Distributed Speaker System SPL Calculator

This distributed speaker system SPL calculator takes the guess work out of which speaker tap to use. It will tell you the correct power tap for each speaker in your design. The calculator is really useful when balancing levels of different speakers. Or when the speakers are mounted at varying distances from the listener. It also helps in determining the amplifier power needed to deliver the required Sound Pressure Level (SPL) at the target audience.

For those who have played with this calculator previously, a blank version for use is just below. If you want to play with a working example of the calculator to see it in action, click here. If you need help in using the calculator, below is an explanation of all the fields and some user tips.

For further information on distributed speaker systems (often called 100-volt or 70-volt speaker systems) see my article on Understanding Distributed Speaker Systems.

Explanation of Distribution Speaker System SPL Calculator

As with any of my calculators, you just need to fill in the white blank fields. A short explanation of each field follows.

Starting with the table at the top of the calculator:

Select the units of measure, either metres or feet. The selected unit of measure will be used for the distance from the speaker to the target audience.

Enter the required SPL at the target audience. This will depend on the ambient noise level, the purpose of the sound system (background or foreground) and how loud the system needs to be among other factors. As a guide:

    • 65dB – 75dB for quite areas like offices
    • 75dB – 85dB for louder areas like shops
    • 85dB – 95dB for loud places like sporting fields

Select amplifier power output. Most SPL calculators tell you the maximum SPL possible with the amplifier running at full power. This distributed speaker system SPL calculator will do that and more, (or should I say, and less). If required, you can select full power if you want the amp to run at full power with no headroom. Simply select “Full”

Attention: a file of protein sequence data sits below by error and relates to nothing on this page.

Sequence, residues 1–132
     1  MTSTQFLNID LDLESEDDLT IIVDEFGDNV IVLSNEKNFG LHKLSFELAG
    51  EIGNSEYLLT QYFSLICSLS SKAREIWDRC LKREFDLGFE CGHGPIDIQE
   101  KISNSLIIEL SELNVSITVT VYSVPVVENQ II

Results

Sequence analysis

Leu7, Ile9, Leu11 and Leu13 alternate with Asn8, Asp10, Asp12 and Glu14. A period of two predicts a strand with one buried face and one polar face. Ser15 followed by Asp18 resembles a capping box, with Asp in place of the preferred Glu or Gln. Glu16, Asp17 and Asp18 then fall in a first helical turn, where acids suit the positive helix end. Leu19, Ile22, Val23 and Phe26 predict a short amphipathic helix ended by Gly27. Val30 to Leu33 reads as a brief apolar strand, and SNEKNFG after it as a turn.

You can also calculate the SPL and speaker power taps with the amplifier running at less than full power, which is often the case, and mostly preferable. As the amplifier output power is reduced, the effective power of any connected speaker is similarly reduced, as is the amplifier output voltage. For your information, the following table shows the power and voltage levels along with the effective power rating of a 30 Watt 100 volt speaker for various levels.

Amplifier PowerAmplifier VoltagePower of 30 watt
100 Volt speaker
Full100 volts30 Watts
1/2 power (-3dB)70.7 volts15 Watts
1/4 power (-6dB)50 volts7.5 Watts
1/16 power (-12dB)25 volts1.875 Watts
Low power (1/100, -20dB)10 volts0.3 Watts

I suggest you try “1/16 (-12dB)” first. If the speakers can deliver the required SPL at this power setting, then the amp is not going to work hard and you have plenty of room for extra level if required. If this selected level doesn’t deliver sufficient power, try “1/4 (-6dB)”, as this level stills offers headroom.

Select the acoustic space reflectivity/reverb. This is where any pretense of this calculator being accurate goes out the window. The calculation for SPL loss in the air is based on having no reflections to allow the sound the decay naturally. Specially designed rooms or outdoors are common examples of “dead” acoustic spaces. In such cases, select “Dead”, and no allowance will be made for reflections.

In most rooms there will be some reflections which decrease the natural losses. This calculator allows you to select if the reflectivity or reverb time of the room is judged to be Low, Mid or High.

  • Low (+2dB) would be for a space with lots of curtains, carpeted floor and soft furnishing. The small reflections within the room wont allow the sound to decay as well as if in the open air. So the air loss might be around 2dB less than in the open air. Or in other words, the sound level at the target audience might be increased by around 2dB.
  • Mid (+4dB) would be for a space with some reflections which might add around 4dB to the SPL at the target distance.
  • High (+6dB) would be for a space that is highly reflective with substantial reverb. Large rectangular spaces with wood or concrete floors, and acoustically reflective walls will often increase the SPL to around 6dB at the target audience.

The selection you make here is very subjective, and maybe a guess, but at least you have the ability to allow for the different acoustic spaces. If in doubt, choose “dead” for outside open areas, and “Mid(+4dB)” for indoors.